Parking in downtown San Jose is a challenge. Right? An app(lication) now makes life easier in the capital city, eliminating the time to looking for a parking space. The epakr CR app allows users to quickly and safely park in downtown San jose.

Users of the app can ‘reserve’ their parking space, without having to drive around the block or more to find an available parking meter.

The app is free to download on smartphones and other mobile devices, both for Android and OS (Apple), and includes spaces on more than 3,000 meters in the four districts of downtown San Jose: Carmen, Merced, Catedral and Hospital.

Easy to use

Register online or download the app and register. You will be asked for your name, email and telephone number. Once registered you can add your license plate number and start using the system, once you’ve added your method of payment that can be with a credit card, debit card, virtual wallet, the Quickpass issued by the Banco Nacional, Compass by the BAC or BN Servicios.

To use, simply choose the meter (from a list) you plan to use, select the vehicle (license plate), the time you plan to use and payment method.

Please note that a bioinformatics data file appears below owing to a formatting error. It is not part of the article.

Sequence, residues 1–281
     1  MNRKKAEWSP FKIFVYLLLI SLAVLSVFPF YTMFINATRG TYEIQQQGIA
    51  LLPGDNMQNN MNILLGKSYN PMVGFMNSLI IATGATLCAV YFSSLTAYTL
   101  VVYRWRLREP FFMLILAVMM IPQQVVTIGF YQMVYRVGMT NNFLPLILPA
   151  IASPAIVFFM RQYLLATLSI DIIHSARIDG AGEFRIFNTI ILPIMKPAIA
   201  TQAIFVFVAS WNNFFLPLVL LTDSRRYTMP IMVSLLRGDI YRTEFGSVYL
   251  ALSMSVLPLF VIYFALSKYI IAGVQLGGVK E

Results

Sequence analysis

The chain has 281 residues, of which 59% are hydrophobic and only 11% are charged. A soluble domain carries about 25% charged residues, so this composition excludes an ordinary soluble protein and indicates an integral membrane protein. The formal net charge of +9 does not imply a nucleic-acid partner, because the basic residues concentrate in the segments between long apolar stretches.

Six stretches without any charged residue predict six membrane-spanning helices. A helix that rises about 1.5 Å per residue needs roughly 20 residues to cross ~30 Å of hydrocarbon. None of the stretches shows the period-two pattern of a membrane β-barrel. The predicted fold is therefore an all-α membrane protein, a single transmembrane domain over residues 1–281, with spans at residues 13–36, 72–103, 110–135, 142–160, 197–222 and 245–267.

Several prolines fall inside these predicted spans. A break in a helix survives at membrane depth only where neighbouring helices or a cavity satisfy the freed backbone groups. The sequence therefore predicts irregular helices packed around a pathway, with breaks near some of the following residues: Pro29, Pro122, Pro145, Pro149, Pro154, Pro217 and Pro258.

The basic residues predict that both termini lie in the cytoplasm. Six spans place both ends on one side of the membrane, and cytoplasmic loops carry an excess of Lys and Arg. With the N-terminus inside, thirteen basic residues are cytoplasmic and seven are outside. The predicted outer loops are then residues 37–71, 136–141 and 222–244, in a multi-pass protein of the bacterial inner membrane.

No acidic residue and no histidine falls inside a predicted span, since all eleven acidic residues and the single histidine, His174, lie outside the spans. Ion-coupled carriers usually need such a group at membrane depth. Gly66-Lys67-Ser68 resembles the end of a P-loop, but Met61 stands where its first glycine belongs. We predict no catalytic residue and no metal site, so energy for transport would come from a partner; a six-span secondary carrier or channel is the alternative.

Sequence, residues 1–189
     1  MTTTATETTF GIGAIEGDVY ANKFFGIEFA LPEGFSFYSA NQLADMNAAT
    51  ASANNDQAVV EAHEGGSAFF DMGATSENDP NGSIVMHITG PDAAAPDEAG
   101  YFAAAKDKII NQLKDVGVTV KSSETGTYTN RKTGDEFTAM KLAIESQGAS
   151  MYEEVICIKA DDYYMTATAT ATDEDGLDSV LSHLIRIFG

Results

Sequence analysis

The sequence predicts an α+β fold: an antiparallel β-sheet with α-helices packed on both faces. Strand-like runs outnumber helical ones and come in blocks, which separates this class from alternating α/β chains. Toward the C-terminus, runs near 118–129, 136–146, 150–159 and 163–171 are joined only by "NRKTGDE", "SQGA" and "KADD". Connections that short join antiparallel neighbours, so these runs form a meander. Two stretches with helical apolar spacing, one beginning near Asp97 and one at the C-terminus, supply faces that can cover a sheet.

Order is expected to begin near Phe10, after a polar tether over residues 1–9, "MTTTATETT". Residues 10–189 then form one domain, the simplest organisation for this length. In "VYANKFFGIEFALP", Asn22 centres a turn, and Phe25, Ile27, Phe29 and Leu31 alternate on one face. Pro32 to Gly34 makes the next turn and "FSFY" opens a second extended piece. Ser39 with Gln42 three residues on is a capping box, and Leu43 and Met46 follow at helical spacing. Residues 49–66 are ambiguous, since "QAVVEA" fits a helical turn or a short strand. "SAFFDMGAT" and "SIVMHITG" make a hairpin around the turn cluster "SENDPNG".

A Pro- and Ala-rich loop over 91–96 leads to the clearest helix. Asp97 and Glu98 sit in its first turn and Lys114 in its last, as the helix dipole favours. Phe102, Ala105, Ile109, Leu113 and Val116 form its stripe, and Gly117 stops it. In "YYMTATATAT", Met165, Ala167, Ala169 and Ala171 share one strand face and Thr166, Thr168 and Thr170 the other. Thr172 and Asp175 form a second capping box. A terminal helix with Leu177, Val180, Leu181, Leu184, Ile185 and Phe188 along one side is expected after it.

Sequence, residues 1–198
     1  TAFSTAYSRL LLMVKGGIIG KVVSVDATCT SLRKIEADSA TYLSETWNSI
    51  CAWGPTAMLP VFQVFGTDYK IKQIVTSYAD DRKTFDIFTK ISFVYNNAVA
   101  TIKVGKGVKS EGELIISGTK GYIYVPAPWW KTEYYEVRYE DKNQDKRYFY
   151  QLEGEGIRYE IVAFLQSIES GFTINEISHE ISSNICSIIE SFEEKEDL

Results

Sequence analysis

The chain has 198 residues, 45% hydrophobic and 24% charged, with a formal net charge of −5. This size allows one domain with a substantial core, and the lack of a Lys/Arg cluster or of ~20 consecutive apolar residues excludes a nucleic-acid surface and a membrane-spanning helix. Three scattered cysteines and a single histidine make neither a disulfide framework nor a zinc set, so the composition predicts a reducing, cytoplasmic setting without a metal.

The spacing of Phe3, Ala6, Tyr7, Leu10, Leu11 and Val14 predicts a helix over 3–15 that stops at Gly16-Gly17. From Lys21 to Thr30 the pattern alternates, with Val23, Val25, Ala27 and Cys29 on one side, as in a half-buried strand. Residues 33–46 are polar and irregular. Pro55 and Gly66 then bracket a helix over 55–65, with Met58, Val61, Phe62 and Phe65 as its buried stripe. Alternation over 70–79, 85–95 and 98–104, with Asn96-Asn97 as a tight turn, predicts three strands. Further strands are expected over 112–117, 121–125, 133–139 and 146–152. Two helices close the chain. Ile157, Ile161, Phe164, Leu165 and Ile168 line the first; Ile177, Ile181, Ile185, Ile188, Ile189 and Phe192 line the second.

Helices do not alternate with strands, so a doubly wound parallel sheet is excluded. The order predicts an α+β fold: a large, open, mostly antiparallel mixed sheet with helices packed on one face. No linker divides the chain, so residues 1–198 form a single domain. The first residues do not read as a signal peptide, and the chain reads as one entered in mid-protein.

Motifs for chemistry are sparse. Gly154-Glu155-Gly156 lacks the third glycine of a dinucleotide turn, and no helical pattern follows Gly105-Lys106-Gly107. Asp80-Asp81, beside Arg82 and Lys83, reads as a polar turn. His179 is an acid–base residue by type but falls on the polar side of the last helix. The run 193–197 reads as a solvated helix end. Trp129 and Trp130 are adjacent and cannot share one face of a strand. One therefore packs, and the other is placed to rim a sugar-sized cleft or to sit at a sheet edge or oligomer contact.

Currently, the cost for an hour is ¢780 colones, and ¢390 for a half hour.

The slips are history. With epark CR you do not need paper slips on the vehicle

A reminder 10 minutes before the time is to expire is sent to the user and allows to extend the time, if necessary. Running over time without extending will result in a fine.

There is no need to purchase – or go looking for a seller – parking meter slips to be placed on the dash. Epark CR does away with the use of parking slips and is monitored by up to 40 municipal parking meter ‘agents’, that have a record of the license plates and outstanding time.

The epark CR is currently being used in conjunction with the parking meter boxes that issue the slips. Eventually, the digital system will replace that system.

The plan is part of San Jose’s ‘smart city’ that includes road planning and making good use of public spaces in a city collapsed by vehicular traffic.

San Jose mayor Johnny Araya said the initiative represents another step in the city’s strategy to turn the capital city into a city that offers connectivity to its visitors.

“Today, there is a global stream of smart cities. San Jose does not want to be left behind, and that is why we have already begun to take the first steps. We have a system of video surveillance cameras that, in my opinion, is the most developed in the country. In addition, there are pilot plans in various parts of the capital to generate free Wi-Fi zones,” said Araya.

According to the mayor, the idea is to continue positioning the capital as a “destination” and not just an “in transit” city.


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